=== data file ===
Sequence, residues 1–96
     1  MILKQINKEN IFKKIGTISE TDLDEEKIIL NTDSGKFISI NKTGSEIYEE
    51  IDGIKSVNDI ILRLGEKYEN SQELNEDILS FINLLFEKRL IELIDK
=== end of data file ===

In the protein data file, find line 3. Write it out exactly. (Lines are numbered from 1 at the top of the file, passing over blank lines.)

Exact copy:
    51  IDGIKSVNDI ILRLGEKYEN SQELNEDILS FINLLFEKRL IELIDK